Teaching Commons > Teaching Guides > Instructional Methods > Guest Speakers
College Made Whole: Integrative Learning for a Divided World (2019), Chris W. Gallagher argues it’s the responsibility of instructors and institutions to regularly incorporate opportunities for students to connect and synthesize their learning. As Gallagher describes, one way to help students connect and synthesize their knowledge is by inviting professionals to discuss the application of concepts and skills in the course or program (69-70, 118-119).
Zoom+ and Trimodal classrooms, you can easily invite guest speakers by sharing your class Zoom meeting link and inviting your guest speaker to give a presentation, engage with students in a Q&A session, or facilitate other learning activities. The strategies below will help students feel connected with guest speakers and prepare guest speakers for interaction with students.
To prevent possible misunderstandings and ensure your guest speaker shows up at the right place and time, consider the following tips:
To make the best possible use of your guest speaker's time, you'll want to identify specific goals and activities in advance. Examples include
Sharing this type of information with students
and your guest speaker will help ensure everyone is better prepared to make the most of the meeting. You may also find it helpful to share a a copy of your course syllabus with the speaker so they better understand the focus of your course as they prepare for the meeting.
Provide a biography statement or samples of work/information on the guest speaker so students are more familiar with their work or stance on the concepts at hand. This could include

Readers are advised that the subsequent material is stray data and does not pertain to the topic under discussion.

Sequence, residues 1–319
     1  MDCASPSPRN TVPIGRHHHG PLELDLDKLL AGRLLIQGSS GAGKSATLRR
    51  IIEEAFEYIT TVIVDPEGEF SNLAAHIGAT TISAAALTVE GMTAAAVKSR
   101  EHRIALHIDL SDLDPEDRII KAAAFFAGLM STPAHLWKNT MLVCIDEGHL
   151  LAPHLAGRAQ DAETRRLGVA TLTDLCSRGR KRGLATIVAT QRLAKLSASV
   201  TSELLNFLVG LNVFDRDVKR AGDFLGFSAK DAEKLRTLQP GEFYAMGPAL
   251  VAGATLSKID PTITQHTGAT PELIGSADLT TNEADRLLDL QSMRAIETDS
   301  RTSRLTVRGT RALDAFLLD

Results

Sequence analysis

Allow students to post questions in D2L prior to the speaking date. Work with students to refine their questions for clarity or to highlight course concepts. There are several tools you can use to help students share their questions.
Make sure to be intentional about the way you involve students in guest speaker discussions. If it isn’t clear how or when students should participate, they will likely be more passive. Outline how to participate and, if possible, share a tentative schedule with students and indicate where you might break for questions. If you don't plan to address questions as they arise, encourage students to keep notes or write their questions down so that they can refer to specific concepts the speaker has addressed during a Q&A break.
You might also use live polls during the guest speaker's presentation or Q&A to make it more engaging and interactive.
There are also approaches and technologies that will allow you to capture insights from outside experts and share them asynchronously with students.
For this approach, you would meet one-on-one with the guest speaker via Zoom. When you record your Zoom meeting, Zoom will save both a video version of the recording and an audio-only version. (The file name for the audio-only version will end in .m4a.) You can then share the video or audio recording with students in your D2L course. Consider asking students to complete a follow-up reflection exercise to engage with what they heard.
These are some tools that would allow students to engage in an asynchronous discussion with a guest speaker: